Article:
It happens every year just before renewal time — business owners wait in fear of increases in their insurance premiums. Rarely do premiums go down. Most often premiums will increase regardless of the number of losses your business had during the year because inflation is factored in. Some years the increases are small and understandable. In other years, premiums seem to jump up for no apparent reason at all.
This fluctuation from year to year makes it appear that insurance companies change their rates without any rhyme nor reason and can be very frustrating to business owners. But the reality is that there is a formal process that companies must follow when setting insurance rates. There are also steps businesses can take to minimize the rate increases or even eliminate them altogether.
In California and a number of other states, insurance companies must “file” their rates with the Department of Insurance and get approval for them before they can be used. “A filing” contains a very detailed explanation of the rates the insurance company wants to charge for a particular type of policy or even for a particular type of coverage. The “filing” usually includes a substantial amount of documentation to support the rates that are being charged. The company must demonstrate that the rates are justified by the data provided in the documents. Some of the data included in the documents are the expected losses for this type of policy as well as the expenses associated with handling and settling the claims that occur.
Also included are the sales and marketing costs related to the policy, the cost to issue and service the policy and the fees and taxes that will be paid to the department for the policy. Agency commissions are also part of the “filing.” The company even includes the profit amount it expects to get from the issuance of every policy.
If the Department of Insurance finds the information to be accurate and reasonable, it will approve the “filing.” If the department feels that the documentation is incomplete, inaccurate, or excessive, the department will reject the “filing” as unacceptable. Companies can then choose to correct the “filing” and re-submit it, or the company may decide to withdraw the “filing” and consider whether it wants to offer that type of insurance. It is a very laborious and detailed process and it can take months or even years for some “filings” to get approval. As a result, companies do not submit “filings” without substantial documentation.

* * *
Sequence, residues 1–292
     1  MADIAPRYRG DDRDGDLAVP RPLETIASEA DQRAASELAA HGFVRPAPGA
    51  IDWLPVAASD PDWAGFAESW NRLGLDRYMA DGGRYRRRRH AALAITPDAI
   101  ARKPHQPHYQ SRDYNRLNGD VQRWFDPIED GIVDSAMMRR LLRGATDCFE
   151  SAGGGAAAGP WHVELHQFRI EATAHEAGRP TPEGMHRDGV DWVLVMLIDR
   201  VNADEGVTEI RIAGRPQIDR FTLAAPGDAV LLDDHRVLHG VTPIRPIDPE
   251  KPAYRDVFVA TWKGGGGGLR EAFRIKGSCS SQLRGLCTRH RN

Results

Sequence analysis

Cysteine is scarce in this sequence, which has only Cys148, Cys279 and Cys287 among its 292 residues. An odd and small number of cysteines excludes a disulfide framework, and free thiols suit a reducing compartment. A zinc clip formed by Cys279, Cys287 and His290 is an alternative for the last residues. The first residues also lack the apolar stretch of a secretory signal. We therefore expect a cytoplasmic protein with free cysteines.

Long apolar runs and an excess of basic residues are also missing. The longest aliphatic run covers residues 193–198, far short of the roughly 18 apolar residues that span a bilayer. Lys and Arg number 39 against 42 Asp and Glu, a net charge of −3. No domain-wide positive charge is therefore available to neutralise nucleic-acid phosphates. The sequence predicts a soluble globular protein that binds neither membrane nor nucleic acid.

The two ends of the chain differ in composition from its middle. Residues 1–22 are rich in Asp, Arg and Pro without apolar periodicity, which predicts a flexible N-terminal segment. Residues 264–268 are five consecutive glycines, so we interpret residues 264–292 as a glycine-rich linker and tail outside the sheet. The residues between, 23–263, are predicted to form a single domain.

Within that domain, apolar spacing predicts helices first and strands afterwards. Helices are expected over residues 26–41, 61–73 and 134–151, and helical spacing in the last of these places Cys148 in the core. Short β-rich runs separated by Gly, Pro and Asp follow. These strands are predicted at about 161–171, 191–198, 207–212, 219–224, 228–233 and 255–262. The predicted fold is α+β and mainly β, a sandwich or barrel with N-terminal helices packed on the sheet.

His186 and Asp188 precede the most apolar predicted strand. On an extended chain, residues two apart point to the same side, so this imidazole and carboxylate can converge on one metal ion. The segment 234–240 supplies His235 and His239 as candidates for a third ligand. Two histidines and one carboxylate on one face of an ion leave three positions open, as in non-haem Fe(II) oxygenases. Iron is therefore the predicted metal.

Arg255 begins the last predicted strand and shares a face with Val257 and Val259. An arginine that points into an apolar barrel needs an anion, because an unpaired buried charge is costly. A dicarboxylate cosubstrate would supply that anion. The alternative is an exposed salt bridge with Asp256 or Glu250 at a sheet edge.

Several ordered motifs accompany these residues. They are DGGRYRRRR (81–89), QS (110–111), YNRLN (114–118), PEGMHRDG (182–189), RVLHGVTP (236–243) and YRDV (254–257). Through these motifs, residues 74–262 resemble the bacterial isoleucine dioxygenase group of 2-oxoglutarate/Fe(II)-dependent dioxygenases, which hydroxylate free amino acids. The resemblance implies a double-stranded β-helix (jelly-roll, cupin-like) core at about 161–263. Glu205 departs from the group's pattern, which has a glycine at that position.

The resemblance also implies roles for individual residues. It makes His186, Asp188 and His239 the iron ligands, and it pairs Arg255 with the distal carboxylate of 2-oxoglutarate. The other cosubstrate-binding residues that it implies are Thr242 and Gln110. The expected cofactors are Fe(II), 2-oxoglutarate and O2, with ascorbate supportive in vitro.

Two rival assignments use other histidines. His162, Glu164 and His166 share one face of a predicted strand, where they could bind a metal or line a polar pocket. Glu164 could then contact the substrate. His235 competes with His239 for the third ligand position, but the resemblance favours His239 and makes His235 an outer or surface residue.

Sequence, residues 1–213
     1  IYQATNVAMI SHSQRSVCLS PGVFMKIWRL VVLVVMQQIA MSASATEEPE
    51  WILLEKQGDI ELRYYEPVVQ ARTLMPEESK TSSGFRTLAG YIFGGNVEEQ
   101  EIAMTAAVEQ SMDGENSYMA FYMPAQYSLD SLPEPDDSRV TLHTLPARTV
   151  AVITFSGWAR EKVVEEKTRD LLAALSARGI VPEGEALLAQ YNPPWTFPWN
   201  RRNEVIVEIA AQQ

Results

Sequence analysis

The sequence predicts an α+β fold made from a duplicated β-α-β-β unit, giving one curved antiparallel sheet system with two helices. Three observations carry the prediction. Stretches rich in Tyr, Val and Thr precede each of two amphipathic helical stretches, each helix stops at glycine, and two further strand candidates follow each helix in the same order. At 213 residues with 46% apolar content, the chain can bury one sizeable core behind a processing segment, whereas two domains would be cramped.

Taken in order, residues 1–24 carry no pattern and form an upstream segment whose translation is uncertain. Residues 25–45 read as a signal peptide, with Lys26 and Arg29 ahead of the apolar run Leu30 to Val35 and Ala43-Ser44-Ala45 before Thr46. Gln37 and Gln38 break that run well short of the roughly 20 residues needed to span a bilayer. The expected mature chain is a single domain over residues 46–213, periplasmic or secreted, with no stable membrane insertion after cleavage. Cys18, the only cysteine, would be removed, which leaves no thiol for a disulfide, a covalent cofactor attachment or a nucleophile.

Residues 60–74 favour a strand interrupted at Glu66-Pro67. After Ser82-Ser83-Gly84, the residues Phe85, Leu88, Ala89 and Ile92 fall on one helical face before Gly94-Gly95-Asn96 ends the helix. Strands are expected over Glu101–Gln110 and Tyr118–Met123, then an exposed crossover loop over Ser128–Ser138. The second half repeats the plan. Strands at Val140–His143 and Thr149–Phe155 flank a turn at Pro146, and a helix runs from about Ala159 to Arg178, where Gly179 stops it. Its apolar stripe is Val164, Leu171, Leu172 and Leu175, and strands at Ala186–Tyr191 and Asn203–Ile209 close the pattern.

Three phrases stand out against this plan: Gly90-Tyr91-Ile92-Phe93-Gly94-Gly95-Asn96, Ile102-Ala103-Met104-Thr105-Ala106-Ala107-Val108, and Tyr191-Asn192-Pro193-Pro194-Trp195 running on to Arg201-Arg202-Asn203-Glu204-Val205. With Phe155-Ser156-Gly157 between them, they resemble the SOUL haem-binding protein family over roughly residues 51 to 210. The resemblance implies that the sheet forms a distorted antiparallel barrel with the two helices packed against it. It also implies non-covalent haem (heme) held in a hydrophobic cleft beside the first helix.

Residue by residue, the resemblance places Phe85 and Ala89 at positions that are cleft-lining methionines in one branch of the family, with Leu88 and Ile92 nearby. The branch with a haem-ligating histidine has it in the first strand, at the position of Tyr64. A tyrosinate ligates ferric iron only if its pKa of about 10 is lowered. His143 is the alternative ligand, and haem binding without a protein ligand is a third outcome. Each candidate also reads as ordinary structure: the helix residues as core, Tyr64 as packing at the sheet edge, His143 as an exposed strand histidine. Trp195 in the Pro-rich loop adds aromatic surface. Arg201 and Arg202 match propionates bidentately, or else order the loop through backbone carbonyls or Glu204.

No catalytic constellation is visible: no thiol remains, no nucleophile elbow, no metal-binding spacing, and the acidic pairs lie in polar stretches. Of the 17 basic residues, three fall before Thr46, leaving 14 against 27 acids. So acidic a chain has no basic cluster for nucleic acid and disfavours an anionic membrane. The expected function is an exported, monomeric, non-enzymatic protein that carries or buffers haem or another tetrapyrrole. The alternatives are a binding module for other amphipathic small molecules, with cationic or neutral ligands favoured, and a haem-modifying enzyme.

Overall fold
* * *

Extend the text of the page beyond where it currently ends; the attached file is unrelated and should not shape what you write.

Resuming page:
The department is also very aware of what policies are available in the marketplace and what rates are considered reasonable, so it will reject some “filings” that are well supported if they believe the rates are simply “too high.” This sometimes occurs with workers’ compensation or health insurance rates submitted by a large carrier.
Once approved, the insurance carrier can start using the rates for that policy or type of coverage. However, in many lines of business, insurance carriers file a number of different rates or rate levels. This is where a business has the ability to impact its rates.
Business operations with better risk characteristics can get discounted rates. A business may qualify for a better rate than an average business risk if buildings are made of fire protective materials and are properly maintained and have good safety programs. Buildings with updated electrical wiring and heating, may also qualify for a discount over standard risks. Driving records, vehicle maintenance and vehicle age, loss history and experience of the management team can also warrant a discount for a business.
The key is to make sure your broker communicates this information to the insurance company so they can apply the maximum number of credits they can to your insurance rates.
Western Growers Insurance Services gathers all of this information when evaluating new prospects for insurance. If you would like more information, please contact Greg Nelson, at email@example.com.
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